• Sarah Jarosz

    Sarah Jarosz is a gifted multi-instrumentalist (mandolin, octave mandolin, guitar, banjo), an expressive and distinctive vocalist, and an accomplished songwriter. The New England Conservatory of Music grad has carved out a solid niche where contemporary folk, Americana, and roots music intersect. She's been nominated for multiple Grammys; her latest recording, Undercurrent (Sugar Hill), won for Best Folk Album, and her single "House of Mercy" took the award for Best American Roots Performance.
  • James McAlister

    When James McAlister was a kid in Tulsa, Oklahoma, he played in church in his dad's gospel band. Now the Los Angeles-based drummer, producer, composer, and multi-instrumentalist has worked with a host of artists, including Sufjan Stevens, Nico Muhly, Alexi Murdoch, Mike Andrews, and more. With Casey Foubert, he released the album Music For Drums -- using only drums, percussion, and software effects -- on the Asthmatic Kitty label.
  • Aoife O'Donovan

    With her ethereal voice and substantive songwriting, Aoife O'Donovan captivates fans and critics alike. She was lead singer of the string band Crooked Still and a featured vocalist on The Goat Rodeo Sessions, the Grammy-winning album by Yo-Yo Ma, Stuart Duncan, Edgar Meyer, and Chris Thile. Her own recordings include 2016's In the Magic Hour, follow-up to her acclaimed solo debut, Fossils. Her most recent release, Man In A Neon Coat: Live From Cambridge, is a collection of original songs and covers, recorded live at The Sinclair.
  • Gabe Witcher

    Violinist Gabe Witcher was barely school age when Bill Monroe invited him on stage to play a duet at a festival workshop. Gabe has been wowing crowds ever since, whether with the Witcher Brothers, the Laurel Canyon Ramblers, or Punch Brothers. In addition, Gabe is a sought-after producer, arranger, and session player, working with artists from Paul Simon and Elton John to Rosanne Cash and Willie Nelson.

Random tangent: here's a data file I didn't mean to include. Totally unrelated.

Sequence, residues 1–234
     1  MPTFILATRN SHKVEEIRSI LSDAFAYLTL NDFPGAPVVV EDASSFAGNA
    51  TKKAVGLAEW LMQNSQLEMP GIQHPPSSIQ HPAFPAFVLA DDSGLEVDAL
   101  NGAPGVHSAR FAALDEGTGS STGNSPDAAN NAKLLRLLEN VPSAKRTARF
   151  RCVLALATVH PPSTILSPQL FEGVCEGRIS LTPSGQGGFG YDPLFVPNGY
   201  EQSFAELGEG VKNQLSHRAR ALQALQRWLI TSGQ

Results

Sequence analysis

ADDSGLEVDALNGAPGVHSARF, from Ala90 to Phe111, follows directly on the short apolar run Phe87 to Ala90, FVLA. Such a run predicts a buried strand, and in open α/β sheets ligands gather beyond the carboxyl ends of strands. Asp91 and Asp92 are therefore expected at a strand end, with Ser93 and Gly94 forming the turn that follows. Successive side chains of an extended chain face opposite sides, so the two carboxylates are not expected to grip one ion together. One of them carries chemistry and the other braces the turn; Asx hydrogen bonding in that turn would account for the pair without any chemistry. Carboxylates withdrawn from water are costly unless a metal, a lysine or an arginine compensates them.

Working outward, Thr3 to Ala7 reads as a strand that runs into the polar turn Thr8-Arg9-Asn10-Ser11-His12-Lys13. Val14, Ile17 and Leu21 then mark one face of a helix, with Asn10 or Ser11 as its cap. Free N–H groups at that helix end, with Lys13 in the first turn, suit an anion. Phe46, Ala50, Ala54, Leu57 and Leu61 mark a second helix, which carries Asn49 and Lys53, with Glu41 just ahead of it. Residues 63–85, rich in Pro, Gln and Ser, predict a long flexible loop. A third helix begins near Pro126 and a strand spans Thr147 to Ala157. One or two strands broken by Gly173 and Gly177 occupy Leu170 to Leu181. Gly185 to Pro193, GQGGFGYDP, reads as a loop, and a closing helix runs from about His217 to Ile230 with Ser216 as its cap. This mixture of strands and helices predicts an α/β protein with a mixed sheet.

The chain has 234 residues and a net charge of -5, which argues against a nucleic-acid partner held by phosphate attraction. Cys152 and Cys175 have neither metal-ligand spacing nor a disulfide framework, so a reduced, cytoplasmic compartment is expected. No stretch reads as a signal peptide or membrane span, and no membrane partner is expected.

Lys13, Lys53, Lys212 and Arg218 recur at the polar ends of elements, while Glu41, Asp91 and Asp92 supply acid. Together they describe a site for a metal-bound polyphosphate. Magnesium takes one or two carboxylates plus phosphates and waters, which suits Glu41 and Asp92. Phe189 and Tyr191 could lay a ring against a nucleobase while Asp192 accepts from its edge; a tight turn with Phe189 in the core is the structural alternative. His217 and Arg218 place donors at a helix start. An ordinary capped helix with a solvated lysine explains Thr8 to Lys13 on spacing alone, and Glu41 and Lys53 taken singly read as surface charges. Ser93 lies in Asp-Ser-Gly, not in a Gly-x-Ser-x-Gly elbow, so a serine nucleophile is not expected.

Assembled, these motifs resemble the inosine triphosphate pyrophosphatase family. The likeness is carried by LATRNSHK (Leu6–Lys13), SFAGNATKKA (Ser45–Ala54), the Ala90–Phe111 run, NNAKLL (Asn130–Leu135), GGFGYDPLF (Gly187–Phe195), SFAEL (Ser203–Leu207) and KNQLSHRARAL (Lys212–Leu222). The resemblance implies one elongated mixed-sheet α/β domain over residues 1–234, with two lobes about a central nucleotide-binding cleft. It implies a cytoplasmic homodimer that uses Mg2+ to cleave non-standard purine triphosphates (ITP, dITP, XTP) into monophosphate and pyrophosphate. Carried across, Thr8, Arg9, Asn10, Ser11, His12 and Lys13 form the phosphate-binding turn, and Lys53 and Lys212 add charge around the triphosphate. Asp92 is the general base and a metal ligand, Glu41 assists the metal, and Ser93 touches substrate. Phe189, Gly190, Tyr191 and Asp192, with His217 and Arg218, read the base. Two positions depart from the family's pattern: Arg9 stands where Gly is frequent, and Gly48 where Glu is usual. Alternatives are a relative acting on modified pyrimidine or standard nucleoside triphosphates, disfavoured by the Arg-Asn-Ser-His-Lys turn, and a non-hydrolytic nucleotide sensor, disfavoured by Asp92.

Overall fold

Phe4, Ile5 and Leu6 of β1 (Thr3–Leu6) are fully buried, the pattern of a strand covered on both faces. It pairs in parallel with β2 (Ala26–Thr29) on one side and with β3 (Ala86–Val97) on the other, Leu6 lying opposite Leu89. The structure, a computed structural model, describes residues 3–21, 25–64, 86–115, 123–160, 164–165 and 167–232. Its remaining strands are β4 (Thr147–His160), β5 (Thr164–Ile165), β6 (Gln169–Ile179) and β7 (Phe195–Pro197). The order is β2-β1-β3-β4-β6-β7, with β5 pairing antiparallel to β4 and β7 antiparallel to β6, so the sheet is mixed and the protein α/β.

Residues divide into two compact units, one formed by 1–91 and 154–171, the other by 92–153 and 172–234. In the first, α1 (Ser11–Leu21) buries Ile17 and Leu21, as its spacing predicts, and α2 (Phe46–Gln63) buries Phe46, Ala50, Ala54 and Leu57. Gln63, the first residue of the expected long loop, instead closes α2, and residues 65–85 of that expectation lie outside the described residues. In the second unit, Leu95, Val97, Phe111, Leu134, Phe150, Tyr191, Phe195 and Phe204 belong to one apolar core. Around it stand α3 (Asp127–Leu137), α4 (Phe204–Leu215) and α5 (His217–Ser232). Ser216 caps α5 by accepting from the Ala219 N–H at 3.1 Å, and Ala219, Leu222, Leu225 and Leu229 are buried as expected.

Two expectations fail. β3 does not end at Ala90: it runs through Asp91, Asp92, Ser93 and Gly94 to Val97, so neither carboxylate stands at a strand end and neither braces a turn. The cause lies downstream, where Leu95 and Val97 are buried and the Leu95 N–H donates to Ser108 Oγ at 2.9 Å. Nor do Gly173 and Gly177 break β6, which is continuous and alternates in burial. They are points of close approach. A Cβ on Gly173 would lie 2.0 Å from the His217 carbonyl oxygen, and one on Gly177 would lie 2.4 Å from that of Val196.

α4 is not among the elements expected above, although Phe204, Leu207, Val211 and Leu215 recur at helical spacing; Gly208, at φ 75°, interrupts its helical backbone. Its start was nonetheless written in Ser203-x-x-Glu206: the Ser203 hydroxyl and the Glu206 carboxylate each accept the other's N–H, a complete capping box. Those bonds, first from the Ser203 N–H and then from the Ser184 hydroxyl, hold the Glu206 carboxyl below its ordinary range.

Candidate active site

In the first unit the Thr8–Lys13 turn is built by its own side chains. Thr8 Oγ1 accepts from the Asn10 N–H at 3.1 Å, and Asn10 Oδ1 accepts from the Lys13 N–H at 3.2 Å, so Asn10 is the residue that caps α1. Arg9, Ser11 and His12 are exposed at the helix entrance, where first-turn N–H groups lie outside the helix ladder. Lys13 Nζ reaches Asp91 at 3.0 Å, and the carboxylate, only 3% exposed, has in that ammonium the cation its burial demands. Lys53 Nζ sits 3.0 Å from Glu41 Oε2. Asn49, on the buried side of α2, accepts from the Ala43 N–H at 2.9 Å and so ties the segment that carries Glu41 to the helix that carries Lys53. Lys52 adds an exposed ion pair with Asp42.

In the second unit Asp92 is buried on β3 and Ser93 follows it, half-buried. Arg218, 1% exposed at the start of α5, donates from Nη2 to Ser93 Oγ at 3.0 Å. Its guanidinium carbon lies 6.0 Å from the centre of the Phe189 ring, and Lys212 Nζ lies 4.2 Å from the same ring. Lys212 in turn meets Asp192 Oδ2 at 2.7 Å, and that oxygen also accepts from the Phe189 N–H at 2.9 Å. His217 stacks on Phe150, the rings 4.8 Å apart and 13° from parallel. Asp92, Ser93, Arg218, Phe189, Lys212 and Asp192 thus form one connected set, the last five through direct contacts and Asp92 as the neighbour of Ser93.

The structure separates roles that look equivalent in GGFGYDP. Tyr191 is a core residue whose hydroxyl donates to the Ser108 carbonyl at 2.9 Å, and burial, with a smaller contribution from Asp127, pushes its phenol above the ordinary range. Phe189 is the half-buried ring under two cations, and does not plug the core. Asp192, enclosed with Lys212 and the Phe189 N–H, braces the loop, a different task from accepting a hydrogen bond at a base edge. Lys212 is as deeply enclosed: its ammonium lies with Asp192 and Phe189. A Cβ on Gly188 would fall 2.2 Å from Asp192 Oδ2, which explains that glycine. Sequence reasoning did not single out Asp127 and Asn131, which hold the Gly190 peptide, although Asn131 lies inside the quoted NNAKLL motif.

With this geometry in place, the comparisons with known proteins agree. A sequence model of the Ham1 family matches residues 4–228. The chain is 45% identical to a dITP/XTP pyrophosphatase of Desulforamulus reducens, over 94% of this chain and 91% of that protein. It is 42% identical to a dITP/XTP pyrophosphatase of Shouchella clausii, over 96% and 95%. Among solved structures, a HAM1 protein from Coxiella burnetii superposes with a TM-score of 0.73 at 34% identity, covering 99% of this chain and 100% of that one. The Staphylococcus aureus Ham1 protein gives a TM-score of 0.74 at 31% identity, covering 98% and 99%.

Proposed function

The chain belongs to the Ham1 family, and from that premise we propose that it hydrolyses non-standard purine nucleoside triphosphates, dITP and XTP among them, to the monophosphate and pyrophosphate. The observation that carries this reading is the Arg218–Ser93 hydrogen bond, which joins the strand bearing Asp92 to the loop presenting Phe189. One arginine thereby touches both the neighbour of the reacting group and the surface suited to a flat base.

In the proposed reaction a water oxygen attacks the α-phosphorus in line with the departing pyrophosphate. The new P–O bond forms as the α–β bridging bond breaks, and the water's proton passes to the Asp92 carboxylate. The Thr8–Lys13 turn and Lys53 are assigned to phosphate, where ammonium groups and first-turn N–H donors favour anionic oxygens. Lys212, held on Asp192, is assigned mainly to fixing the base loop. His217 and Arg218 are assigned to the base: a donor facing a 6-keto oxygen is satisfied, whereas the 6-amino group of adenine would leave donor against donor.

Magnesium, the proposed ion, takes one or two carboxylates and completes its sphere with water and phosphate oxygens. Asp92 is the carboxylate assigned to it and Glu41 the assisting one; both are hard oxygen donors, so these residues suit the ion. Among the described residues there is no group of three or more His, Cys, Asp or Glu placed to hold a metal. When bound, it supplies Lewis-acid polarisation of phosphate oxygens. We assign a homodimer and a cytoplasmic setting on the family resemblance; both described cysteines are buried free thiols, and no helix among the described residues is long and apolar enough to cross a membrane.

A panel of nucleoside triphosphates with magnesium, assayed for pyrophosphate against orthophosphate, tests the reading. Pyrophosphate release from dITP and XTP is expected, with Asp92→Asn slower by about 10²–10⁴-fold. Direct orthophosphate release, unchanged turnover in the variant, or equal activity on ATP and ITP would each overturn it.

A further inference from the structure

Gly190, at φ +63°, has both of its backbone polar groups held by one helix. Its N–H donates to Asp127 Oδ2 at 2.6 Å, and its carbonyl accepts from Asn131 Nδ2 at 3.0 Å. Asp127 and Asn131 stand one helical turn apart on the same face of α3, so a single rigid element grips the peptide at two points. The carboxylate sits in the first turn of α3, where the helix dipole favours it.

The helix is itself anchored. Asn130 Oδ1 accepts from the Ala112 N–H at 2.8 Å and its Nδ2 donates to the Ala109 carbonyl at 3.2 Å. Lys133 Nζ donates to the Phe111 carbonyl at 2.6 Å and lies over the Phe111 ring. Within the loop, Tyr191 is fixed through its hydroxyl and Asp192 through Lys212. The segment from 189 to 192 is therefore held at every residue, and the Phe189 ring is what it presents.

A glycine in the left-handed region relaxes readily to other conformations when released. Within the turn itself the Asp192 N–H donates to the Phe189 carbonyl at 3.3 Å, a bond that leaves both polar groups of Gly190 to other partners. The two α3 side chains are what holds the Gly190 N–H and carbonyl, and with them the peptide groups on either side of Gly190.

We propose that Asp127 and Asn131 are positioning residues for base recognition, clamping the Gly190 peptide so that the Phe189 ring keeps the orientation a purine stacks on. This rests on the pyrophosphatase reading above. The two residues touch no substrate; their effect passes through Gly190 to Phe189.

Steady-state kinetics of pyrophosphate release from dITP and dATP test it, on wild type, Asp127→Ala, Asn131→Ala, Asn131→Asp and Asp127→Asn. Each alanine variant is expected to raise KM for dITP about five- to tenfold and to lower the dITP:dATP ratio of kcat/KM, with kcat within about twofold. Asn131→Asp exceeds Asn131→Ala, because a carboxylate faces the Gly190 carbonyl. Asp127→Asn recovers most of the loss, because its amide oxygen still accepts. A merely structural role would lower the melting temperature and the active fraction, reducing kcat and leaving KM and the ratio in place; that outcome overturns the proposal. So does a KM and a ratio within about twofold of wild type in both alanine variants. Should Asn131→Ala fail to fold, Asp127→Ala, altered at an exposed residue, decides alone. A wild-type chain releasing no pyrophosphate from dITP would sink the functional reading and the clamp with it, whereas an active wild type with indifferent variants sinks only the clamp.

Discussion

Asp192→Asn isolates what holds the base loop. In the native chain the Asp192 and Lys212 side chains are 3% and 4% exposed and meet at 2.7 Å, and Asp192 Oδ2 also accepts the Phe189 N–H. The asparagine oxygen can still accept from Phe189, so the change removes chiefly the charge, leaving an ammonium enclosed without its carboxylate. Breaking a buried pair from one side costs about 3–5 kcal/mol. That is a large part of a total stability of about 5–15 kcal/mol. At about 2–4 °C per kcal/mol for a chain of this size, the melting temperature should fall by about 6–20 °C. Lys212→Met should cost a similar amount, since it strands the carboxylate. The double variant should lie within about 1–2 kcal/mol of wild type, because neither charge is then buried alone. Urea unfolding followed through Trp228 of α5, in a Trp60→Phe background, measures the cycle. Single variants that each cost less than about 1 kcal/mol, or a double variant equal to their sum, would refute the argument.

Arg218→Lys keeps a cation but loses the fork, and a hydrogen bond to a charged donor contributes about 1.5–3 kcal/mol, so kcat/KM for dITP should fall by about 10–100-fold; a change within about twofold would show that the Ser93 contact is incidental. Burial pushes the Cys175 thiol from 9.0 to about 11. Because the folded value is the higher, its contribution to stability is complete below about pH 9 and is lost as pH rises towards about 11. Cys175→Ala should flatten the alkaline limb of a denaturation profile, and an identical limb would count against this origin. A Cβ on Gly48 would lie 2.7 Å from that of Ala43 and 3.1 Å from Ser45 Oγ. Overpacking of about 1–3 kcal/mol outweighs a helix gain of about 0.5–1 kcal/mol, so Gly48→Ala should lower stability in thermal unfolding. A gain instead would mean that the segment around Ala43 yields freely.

• Serena Brook

    After she picked up her diploma from the University of Minnesota Duluth, actress, voice-over artist, and Eagan, Minnesota, native Serena Brook was off to New York City, where she spent five years performing in Off-Broadway shows and with national and regional touring companies. Now living in the Twin Cities, she has worked with Chanhassen Dinner Theatres and 7th House Theater.
  • Tim Russell

    Mild-mannered Tim Russell one minute -- Obama, Trump, or myriad others the next. It's almost impossible to stump this man of many voices. Says fellow Prairie Home Companion actor Sue Scott, "He does a better Ira Glass than Ira Glass." A well-known Twin Cities radio personality and voice actor, Tim appeared in the Robert Altman film A Prairie Home Companion and the Coen brothers' A Serious Man.
  • Fred Newman

    Sound effects man Fred Newman is an actor, writer, musician, and sound designer for film and TV. Turns out, no one is more surprised than Fred that he's made a career out of doing what he used to do behind the teacher's back -- crossing his eyes, making sounds, and doing voices. He readily admits that, growing up, he was unceremoniously removed from several classrooms, "once by my bottom lip."
  • Eric Jacobsen

    Hailed by the New York Times as "an interpretive dynamo," conductor and cellist Eric Jacobsen has built a reputation for engaging audiences with innovative and collaborative programming projects. He is a founding member of genre-defying string quartet Brooklyn Rider and a member of Yo-Yo Ma's Silk Road Project. Last year, he celebrated his inaugural season as Music Director of the Orlando Philharmonic. He is also co-founder, Artistic Director, conductor, and cellist of The Knights, and has led that inventive ensemble at venues ranging from Carnegie Hall and Lincoln Center to the Vienna Musikverein and the National Gallery of Dublin.
  • Pekka Kuusisto

    When describing Finnish violinist and conductor Pekka Kuusisto, critics and reviewers often use words like versatile, distinctive, uninhibited, improvisational, and fearless. He has collaborated with people across the artistic spectrum -- from electronic music pioneer Brian Crabtree to composer Nico Muhly -- and is Artistic Partner with The Saint Paul Chamber Orchestra for the 2016/17 season. In 1995, he became the first Finn to win the International Jean Sibelius Violin Competition. And in 2013, he was the recipient of the prestigious Nordic Council Music Prize.